Amazon to Hachette: let's be friends?

Amazon and Hachette bury the, erm, dispute over ebooks.

by Adam Gale
Last Updated: 24 Nov 2014

Get out your hankies and brace yourself for waterworks. Amazon and publishing giant Hachette have kissed and made up, ending their feud over the price of ebooks. Isn't is just wonderful when old friends reconcile? Well, old standoffish colleagues, anyway.

Though the exact details of the deal haven't been announced, Amazon have conceded the right to price ebooks to Hachette, in a similar way as it did to Simon & Schuster a fortnight ago.

Amazon had wanted to cap the price of ebooks, of which it sells the lion's share, at $9.99 (£6.36), while increasing its cut. Unsurprisingly, the publishing houses weren't happy with this and Hachette took a stand. Cue Amazon's 'negotiating tactics', which involved freezing pre-orders, delaying shipments by up to a month and reducing discounts on Hachette books.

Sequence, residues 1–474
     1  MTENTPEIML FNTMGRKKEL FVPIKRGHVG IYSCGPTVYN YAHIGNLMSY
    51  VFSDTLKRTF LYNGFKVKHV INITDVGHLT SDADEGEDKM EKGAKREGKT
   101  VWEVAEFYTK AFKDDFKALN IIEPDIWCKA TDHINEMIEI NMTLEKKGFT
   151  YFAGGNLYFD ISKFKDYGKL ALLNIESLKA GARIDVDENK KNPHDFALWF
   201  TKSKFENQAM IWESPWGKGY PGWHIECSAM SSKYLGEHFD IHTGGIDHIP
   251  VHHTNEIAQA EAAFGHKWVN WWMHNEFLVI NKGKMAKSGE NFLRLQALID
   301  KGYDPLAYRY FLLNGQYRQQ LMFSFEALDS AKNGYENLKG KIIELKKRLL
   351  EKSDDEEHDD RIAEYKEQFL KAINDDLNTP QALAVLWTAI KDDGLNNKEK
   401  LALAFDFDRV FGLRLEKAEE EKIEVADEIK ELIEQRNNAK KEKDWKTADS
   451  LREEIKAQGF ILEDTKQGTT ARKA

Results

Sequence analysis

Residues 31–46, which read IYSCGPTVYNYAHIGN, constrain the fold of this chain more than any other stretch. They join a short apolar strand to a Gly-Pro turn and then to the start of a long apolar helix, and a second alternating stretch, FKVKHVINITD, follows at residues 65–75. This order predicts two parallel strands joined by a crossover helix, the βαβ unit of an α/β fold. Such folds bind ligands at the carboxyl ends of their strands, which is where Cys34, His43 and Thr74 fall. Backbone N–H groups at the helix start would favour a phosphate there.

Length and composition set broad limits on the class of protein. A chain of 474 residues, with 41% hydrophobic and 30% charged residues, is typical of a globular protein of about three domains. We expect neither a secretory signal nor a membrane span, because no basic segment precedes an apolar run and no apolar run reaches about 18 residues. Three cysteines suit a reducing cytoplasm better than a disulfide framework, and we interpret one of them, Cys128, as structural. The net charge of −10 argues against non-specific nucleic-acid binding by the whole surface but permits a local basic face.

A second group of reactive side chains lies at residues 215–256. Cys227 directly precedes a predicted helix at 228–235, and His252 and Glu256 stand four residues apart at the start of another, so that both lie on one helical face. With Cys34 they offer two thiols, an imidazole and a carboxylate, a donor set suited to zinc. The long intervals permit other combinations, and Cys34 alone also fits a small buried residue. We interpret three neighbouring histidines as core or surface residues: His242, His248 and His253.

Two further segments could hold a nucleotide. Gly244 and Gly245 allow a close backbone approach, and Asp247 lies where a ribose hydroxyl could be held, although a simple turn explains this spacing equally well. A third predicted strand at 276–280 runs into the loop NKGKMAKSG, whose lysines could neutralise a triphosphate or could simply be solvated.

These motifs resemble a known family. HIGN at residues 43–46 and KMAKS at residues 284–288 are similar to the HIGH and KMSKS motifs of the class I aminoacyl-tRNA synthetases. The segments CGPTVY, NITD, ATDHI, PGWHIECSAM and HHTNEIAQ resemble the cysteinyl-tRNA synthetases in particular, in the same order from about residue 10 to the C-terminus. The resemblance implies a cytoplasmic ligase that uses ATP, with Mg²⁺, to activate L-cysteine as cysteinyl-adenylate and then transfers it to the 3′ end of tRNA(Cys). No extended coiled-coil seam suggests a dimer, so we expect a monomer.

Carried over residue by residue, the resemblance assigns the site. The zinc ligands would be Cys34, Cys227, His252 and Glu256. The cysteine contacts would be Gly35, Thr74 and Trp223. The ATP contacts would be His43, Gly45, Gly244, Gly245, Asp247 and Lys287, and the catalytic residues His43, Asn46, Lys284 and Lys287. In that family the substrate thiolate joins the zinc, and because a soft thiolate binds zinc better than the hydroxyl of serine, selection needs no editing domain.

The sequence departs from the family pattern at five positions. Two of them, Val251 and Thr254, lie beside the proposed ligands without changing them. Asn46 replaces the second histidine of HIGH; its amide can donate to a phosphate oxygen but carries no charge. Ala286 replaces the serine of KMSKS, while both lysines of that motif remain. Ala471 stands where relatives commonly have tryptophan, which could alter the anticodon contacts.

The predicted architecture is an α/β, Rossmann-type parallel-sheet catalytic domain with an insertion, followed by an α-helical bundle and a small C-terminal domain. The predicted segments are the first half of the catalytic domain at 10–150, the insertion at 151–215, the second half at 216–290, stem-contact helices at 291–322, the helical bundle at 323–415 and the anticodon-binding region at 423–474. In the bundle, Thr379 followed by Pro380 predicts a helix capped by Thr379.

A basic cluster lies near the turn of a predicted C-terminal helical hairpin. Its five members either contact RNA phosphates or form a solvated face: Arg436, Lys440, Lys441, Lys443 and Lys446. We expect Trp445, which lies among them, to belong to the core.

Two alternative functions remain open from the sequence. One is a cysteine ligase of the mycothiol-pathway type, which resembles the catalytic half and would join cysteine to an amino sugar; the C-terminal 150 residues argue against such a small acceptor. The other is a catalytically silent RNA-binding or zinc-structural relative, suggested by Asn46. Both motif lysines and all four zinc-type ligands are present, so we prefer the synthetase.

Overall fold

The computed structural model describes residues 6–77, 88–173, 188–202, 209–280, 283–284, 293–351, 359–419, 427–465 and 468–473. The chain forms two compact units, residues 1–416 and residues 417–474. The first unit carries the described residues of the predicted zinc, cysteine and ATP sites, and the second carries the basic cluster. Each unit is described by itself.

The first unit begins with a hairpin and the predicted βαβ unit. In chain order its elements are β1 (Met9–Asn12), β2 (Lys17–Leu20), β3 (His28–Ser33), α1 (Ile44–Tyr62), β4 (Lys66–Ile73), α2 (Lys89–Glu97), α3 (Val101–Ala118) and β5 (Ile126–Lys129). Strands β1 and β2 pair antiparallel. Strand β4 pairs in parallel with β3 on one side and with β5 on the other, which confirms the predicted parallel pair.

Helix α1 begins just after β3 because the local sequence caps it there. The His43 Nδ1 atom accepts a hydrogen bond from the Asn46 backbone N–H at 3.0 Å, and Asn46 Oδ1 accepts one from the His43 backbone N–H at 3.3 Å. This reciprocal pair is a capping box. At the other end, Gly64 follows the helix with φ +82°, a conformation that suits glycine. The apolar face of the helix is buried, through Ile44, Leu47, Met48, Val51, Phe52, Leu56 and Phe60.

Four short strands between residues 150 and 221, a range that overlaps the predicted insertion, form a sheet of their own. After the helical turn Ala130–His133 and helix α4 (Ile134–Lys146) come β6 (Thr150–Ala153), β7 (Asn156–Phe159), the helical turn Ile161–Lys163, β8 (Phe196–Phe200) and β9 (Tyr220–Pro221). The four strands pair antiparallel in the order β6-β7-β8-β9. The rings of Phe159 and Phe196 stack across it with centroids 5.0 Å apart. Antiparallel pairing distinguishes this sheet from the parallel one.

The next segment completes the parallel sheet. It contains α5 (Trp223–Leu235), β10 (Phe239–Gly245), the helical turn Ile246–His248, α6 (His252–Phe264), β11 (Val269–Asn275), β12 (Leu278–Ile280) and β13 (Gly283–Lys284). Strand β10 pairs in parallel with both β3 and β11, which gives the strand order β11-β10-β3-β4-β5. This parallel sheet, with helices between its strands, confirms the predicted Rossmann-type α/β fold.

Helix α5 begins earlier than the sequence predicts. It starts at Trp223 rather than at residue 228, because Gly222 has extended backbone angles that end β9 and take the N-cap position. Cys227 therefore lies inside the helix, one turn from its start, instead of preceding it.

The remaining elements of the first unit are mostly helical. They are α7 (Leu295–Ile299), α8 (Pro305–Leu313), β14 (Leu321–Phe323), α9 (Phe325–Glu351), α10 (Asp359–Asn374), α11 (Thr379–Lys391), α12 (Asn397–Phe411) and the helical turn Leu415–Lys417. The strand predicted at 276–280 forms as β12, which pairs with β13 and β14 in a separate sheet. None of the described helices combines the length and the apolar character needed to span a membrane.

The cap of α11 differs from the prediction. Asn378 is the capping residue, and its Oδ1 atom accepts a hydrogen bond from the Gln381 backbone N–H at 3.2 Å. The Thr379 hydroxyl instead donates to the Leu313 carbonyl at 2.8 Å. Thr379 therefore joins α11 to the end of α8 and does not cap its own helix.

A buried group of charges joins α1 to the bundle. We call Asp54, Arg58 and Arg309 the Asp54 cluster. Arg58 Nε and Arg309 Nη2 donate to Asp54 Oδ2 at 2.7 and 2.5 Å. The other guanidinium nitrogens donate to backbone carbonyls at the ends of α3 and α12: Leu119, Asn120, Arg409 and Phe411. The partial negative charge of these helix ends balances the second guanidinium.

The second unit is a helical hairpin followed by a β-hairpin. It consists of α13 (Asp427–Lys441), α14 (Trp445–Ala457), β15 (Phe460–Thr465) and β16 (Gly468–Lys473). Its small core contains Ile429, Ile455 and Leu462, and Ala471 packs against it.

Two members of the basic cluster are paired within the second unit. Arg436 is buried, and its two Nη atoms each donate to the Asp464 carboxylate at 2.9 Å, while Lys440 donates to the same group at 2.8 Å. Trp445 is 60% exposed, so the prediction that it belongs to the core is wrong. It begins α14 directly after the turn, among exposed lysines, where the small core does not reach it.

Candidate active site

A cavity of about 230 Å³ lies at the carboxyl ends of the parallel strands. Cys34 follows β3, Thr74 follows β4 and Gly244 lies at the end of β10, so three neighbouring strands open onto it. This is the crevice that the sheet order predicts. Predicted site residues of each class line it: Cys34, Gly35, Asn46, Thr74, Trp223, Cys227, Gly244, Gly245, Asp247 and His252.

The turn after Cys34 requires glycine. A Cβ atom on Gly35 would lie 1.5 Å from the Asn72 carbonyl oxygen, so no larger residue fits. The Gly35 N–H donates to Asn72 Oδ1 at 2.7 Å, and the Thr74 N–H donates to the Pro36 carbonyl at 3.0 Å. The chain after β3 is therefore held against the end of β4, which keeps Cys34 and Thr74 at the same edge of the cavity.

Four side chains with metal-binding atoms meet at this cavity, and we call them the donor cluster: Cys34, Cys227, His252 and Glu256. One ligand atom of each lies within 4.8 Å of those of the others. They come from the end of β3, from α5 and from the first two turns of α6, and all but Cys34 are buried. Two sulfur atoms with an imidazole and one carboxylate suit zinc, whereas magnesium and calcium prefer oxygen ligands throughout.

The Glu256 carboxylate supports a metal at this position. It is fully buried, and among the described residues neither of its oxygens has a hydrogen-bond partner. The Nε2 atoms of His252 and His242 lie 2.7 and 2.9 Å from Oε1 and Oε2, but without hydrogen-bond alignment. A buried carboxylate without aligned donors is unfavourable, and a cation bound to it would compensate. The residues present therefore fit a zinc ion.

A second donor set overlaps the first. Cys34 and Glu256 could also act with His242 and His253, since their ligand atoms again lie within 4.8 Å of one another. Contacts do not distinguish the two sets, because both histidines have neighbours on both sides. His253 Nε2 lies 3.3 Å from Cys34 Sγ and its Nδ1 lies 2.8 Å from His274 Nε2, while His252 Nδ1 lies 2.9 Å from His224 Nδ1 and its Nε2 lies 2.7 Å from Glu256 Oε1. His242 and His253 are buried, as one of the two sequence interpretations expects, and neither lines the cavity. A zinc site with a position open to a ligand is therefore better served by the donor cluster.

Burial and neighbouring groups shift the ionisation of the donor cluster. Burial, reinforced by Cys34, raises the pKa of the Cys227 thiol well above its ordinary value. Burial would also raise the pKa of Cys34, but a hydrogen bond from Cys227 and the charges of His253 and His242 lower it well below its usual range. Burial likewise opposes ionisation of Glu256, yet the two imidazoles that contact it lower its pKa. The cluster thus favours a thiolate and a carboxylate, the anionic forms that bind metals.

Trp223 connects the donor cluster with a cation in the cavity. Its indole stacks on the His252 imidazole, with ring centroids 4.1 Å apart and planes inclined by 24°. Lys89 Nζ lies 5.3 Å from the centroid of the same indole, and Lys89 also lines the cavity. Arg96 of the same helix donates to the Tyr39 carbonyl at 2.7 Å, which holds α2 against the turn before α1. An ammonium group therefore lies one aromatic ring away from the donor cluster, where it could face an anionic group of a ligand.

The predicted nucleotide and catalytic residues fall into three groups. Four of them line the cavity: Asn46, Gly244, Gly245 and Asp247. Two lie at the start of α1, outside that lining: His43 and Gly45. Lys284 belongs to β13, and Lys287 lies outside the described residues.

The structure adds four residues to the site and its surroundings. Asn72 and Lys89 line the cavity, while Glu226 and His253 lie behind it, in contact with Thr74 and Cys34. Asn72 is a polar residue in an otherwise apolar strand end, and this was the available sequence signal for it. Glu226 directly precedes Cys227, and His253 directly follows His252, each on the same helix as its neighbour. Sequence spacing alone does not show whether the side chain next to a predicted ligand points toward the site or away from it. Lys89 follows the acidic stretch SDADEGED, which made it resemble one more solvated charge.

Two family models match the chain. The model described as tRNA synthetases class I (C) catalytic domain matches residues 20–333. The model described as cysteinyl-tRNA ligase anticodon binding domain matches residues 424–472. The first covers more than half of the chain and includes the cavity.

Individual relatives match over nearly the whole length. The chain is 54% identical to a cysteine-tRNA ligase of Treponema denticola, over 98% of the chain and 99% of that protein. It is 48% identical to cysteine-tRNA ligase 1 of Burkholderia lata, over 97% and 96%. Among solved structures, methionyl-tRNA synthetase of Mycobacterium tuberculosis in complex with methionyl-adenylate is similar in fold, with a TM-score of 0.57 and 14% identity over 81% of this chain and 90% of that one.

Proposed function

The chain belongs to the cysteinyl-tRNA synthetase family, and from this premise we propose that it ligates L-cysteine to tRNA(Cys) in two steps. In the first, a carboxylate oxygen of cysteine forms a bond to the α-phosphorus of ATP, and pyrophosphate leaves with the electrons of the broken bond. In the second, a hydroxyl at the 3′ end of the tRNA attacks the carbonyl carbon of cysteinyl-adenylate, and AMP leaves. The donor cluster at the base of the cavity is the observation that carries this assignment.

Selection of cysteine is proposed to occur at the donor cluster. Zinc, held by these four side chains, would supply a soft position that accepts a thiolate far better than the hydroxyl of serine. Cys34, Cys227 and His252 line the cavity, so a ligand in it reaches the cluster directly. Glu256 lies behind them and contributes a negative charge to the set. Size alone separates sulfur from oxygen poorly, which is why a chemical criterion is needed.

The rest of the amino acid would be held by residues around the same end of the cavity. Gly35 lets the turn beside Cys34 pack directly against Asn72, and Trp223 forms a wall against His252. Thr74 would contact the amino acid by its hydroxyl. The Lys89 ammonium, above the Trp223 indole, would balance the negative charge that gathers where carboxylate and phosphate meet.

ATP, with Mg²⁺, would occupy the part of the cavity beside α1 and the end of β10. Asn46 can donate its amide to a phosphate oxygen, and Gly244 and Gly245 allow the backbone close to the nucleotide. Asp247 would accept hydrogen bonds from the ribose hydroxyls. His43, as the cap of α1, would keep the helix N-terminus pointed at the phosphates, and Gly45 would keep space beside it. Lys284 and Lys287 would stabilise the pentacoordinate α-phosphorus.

This may have hurt Hachette, but it prompted a serious publicity backlash. Over 1,000 authors, many of them at the publishing house, teamed up as the snazzily-titled Authors United to send letters to Amazon directors. They even took out a a full page ad in the New York Times.

'Collectively, we have sold more than a billion books,' huffed the group, which includes such venerable scribes as John Grisham and Donna Tartt. 'Amazon's tactics have caused us profound anguish and outrage.'

Despite thousands of, ahem, less well-known, self-published authors flocking to Amazon's defence, Authors United appears to have proved that the pen is indeed mightier than the devastatingly effective transnational logistical operation, for Amazon has relented. Its sanctions are lifted and normal trading has resumed.  

While this isn't exactly a David and Goliath story (Hachette is part of French media conglomerate Lagardere, which turned over £5.8bn last year), it does represent a victory for the relatively smaller giants. Amazon have effectively agreed that publishers should be able to manage the transition from print to ebook themselves.

But it wasn't an entirely one-sided deal. Amazon have said Hachette will benefit from better terms if they keep ebook prices low, which will benefit Jeff Bezos' two favourite things, Amazon's top line and the Kindle. It may be a minor setback for Amazon, but in the long run the bookselling trends all run in its favour.


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